Does nasal CPAP reduce bronchopulmonary dysplasia (BPD)?

Acta Paediatr. 2008 Oct;97(10):1314-7. doi: 10.1111/j.1651-2227.2008.00931.x. Epub 2008 Jul 18.


Early nasal continuous positive airway pressure (nCPAP) or early surfactant therapy with early extubation onto nCPAP rather than continued mechanical ventilation has been adopted by many centres, particularly in Scandinavia, as part of the treatment of newborns with respiratory distress syndrome. It has been suggested that bronchopulmonary dysplasia is less of a problem in centres adopting such a policy. Results from randomized trials suggest prophylactic or early nCPAP may reduce bronchopulmonary dysplasia (BPD), but further studies are required to determine the relative contributions of an early lung recruitment policy, early surfactant administration and nCPAP in reducing BPD. In addition, the optimum method of generating and delivering CPAP needs to be determined.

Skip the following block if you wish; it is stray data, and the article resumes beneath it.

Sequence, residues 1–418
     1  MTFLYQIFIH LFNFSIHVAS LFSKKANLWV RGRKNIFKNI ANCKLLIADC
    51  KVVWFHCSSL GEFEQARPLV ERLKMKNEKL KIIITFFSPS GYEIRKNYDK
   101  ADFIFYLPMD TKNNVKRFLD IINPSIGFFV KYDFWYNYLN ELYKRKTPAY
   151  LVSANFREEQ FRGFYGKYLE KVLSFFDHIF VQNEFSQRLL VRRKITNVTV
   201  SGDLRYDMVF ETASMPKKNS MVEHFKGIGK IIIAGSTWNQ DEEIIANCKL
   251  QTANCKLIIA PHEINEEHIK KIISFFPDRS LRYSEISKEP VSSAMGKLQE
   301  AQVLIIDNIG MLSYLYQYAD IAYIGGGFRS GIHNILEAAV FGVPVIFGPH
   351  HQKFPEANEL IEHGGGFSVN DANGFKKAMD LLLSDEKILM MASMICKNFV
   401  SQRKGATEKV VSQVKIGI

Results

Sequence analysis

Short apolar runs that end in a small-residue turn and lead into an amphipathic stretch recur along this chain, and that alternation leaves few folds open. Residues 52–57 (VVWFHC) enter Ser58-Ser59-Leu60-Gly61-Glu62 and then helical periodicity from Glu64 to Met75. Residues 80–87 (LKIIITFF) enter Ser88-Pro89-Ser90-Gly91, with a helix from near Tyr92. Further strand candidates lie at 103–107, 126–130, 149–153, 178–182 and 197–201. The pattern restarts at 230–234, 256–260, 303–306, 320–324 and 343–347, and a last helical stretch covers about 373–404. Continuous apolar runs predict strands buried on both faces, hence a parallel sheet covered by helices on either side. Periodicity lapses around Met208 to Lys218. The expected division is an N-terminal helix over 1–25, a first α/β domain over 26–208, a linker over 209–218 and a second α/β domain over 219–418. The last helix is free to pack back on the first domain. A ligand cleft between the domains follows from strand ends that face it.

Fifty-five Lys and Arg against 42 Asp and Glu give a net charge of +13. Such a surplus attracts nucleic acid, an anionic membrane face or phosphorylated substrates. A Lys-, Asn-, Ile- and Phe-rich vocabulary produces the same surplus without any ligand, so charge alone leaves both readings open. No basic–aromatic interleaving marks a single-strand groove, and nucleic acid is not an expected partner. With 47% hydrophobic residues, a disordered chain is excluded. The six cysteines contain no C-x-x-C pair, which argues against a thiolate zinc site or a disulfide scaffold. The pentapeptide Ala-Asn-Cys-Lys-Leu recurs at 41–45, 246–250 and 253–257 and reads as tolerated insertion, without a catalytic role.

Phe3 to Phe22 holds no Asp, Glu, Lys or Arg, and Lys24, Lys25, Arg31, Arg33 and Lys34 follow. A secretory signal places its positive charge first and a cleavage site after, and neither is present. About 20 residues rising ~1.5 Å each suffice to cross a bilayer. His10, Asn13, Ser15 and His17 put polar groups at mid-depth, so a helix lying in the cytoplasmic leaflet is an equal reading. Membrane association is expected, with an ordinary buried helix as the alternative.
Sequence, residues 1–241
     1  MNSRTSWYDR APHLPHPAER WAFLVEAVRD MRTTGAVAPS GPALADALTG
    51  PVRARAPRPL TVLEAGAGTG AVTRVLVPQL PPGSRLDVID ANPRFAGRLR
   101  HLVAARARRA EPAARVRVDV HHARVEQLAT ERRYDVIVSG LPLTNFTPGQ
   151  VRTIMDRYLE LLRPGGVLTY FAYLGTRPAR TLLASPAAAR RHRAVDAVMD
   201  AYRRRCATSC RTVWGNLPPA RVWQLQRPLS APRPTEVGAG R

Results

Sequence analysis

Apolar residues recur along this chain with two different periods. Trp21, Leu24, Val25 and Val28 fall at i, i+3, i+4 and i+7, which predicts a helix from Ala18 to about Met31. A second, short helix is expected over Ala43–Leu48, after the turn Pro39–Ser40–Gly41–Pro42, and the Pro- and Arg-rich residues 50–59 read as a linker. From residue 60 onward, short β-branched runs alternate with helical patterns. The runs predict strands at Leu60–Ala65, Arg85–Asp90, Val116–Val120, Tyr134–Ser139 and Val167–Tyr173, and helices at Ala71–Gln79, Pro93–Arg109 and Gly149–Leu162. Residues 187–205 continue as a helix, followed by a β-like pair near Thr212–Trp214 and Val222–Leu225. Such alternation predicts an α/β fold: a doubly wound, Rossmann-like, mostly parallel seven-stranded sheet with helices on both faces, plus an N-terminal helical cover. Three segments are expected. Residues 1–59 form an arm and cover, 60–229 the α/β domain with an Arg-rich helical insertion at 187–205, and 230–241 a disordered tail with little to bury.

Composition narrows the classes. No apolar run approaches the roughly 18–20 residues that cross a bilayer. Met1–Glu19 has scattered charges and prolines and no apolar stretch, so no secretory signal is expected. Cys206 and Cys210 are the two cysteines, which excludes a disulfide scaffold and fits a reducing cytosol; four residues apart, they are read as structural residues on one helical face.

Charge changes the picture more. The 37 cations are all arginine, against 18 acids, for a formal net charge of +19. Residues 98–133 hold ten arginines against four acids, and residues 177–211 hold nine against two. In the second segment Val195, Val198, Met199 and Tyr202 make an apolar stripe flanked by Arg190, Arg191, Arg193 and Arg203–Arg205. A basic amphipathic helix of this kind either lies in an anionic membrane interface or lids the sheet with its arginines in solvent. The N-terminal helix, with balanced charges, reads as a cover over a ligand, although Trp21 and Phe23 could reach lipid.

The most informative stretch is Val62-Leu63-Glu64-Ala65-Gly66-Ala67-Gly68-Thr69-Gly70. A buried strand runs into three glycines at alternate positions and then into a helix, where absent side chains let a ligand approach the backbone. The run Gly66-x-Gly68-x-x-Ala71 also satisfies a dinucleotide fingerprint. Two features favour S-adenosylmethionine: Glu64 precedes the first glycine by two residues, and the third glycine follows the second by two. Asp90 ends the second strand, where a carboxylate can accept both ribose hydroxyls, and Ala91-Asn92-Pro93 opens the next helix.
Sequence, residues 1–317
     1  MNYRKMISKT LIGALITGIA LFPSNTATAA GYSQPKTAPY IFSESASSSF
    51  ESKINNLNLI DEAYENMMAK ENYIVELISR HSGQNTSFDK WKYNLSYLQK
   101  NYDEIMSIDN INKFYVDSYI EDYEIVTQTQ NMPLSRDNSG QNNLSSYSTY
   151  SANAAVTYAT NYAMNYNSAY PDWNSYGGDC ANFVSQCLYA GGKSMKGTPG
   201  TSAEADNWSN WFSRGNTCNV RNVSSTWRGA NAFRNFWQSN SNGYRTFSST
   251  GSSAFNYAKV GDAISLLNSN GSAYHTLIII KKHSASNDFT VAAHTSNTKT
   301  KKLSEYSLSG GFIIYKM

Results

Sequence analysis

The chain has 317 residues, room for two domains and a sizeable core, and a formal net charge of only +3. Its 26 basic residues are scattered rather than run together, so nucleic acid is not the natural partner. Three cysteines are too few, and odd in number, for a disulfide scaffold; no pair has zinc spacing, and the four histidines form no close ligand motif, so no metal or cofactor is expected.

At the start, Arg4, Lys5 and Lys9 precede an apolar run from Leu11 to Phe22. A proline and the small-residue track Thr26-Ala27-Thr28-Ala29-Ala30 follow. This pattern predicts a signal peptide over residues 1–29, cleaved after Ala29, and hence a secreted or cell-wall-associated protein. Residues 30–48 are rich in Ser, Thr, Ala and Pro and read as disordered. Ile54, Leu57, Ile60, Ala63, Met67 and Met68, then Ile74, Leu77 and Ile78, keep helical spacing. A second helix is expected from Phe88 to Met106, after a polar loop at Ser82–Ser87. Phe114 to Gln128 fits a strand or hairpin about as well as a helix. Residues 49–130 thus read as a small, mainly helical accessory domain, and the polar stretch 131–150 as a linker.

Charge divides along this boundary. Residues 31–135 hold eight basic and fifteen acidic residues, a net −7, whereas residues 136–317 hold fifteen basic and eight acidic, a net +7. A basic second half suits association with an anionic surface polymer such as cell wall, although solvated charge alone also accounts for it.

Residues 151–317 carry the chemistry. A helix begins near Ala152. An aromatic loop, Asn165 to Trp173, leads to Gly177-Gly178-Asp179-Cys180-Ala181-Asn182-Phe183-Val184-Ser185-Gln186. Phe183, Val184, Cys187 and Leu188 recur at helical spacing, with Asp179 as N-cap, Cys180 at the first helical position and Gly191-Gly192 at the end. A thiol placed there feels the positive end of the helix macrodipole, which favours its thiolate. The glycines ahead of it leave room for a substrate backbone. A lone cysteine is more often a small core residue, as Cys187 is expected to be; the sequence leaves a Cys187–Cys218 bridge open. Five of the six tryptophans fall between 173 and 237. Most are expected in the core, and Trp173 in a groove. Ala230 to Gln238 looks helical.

Conclusion: The efficacy of nCPAP in improving long-term respiratory outcomes needs to be compared with the newer ventilator techniques with the optimum and timing of delivery of surfactant administration.

Publication types

  • Research Support, Non-U.S. Gov't

MeSH terms

  • Bronchopulmonary Dysplasia / prevention & control*
  • Continuous Positive Airway Pressure / methods*
  • Female
  • Humans
  • Infant
  • Infant, Newborn
  • Infant, Premature*
  • Nose*
  • Pregnancy
  • Pregnancy Complications*
  • Surface-Active Agents / administration & dosage*


  • Surface-Active Agents